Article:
Saturday, December 25, 2010

Remodeling New Year’s Resolution

As January approaches, you may be deciding on your New Year's remodeling resolutions. This is a great opportunity to make some additions to your home and save money on your energy bill. Consider purchasing home appliances with the Energy Star label. Products with the Energy Star label are more efficient and will help cut your spending.

The Energy Star label was established to reduce greenhouse gas emissions and other pollutants caused by the inefficient use of energy. The label makes it easier for consumers to identify and purchase more energy efficient products. The products labeled with the Energy Star offer savings on energy bills without sacrificing performance or features.

Products only earn the Energy Star label by meeting six specific guidelines set by the Environmental Protection Agency. The guidelines are:
  • Product categories must contribute significant energy savings nationwide
  • Qualified products must deliver the features and performance demanded by consumers, in addition to increased energy efficiency
  • If the qualified product costs more than a conventional, less-efficient counterpart, purchasers will recover their investment in increased energy efficiency through utility bill savings, within a reasonable period of time
  • Energy efficiency can be achieved through broadly available, non-proprietary technologies offered by more than one manufacturer
  • Product energy consumption and performance can be measured and verified with testing
  • Labeling would effectively differentiate products and be visible for purchasers

To find a list of all products with the Energy Star label check out the Energy Star website.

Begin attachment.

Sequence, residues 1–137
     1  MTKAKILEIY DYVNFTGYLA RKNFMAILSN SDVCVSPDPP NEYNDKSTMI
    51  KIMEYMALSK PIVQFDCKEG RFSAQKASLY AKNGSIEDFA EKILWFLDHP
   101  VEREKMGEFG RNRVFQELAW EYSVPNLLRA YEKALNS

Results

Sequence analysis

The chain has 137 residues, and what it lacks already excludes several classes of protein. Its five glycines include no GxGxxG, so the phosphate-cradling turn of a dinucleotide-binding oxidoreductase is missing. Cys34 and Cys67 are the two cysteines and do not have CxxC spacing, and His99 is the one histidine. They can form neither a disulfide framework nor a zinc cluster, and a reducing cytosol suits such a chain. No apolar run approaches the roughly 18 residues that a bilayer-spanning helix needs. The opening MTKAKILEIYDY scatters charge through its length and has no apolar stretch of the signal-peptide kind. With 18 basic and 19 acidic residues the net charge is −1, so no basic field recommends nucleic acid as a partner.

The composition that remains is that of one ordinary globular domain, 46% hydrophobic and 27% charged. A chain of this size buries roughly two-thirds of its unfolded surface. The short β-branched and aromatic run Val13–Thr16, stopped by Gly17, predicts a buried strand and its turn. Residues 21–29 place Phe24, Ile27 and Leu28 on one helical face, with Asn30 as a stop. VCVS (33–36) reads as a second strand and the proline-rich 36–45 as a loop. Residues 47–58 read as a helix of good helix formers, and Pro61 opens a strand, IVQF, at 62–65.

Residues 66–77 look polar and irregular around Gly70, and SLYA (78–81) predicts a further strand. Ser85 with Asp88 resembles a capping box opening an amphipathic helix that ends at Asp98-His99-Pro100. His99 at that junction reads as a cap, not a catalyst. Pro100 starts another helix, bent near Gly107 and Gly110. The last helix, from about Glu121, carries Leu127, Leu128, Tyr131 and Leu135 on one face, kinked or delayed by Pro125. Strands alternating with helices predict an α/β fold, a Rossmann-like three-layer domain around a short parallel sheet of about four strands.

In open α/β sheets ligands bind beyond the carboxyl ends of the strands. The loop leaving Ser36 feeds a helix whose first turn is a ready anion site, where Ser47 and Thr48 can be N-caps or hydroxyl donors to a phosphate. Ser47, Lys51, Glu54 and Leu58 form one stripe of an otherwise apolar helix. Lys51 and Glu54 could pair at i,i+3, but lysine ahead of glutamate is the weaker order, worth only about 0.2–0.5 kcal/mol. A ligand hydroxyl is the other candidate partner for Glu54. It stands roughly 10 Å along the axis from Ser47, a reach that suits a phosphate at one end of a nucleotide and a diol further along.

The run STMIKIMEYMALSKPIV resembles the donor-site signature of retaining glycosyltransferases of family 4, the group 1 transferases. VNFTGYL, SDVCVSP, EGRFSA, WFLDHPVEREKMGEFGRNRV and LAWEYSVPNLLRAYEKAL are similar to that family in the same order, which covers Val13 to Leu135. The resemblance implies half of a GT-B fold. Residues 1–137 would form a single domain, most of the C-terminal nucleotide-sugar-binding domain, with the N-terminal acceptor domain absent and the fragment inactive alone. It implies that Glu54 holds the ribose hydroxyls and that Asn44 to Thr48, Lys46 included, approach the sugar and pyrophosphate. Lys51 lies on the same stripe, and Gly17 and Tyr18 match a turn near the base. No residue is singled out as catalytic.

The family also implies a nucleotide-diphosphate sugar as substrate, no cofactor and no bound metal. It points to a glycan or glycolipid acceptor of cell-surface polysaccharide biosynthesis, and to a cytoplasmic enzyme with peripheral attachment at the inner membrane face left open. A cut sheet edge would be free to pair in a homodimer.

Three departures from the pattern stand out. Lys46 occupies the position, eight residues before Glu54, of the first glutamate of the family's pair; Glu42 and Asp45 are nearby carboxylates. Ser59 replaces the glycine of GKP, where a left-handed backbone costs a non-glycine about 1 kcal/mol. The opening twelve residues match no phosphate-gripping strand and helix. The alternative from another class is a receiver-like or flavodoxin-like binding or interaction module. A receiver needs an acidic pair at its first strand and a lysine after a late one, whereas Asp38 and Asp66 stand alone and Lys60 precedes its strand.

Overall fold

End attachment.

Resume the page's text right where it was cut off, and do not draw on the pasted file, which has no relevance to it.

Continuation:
Saturday, December 11, 2010

Home Remodeling Tax Cuts

As the year is coming to an end, you are may be looking for ways to lower your energy bills. There are many solutions for you; the U.S. offers many tax credits for energy-saving home improvements. Unfortunately, you will need to act fast, some expire on December 31st.

What improvements are covered by the expiring credits?
Homeowners can get a tax credit for installing:

• Specific wood or pellet stoves
• Energy-efficient furnaces
• Water heaters and air-conditioning systems
• Insulated roofs, windows and doors
• Wall and ceiling insulation.

The tax credit covers 30% of the purchase costs, up to $1,500. For a complete list, check the Energy Star website at
Is the installation cost covered?
The cost of putting in heating and air-conditioning systems, water heaters and biomass stoves is covered. Unfortunately, installing new windows, doors, roofs and insulation is not covered.

Can I use the tax credits for improvements in a vacation home?
The improvements qualify for an existing home that is your primary residence, even if it is a houseboat or mobile home. But rentals, vacation homes and new construction are not eligible.

With time short, what improvements make the most sense?
Upgrading your heating and cooling can save as much as 50% of the average home's energy bill. If your furnace or boiler is more than 10 years old, this may be the ideal time to replace it.

What improvements can be done relatively cheaply?
Adding insulation is the cheapest choice for home renovation. The most low cost choice is to just insulate the area where your family spends most of their waking hours. The cost will be low and your family will be much more comfortable. Also insulation is a do-it-yourself project, meaning you can save on labor costs.

Am I going to have trouble finding a contractor on short notice?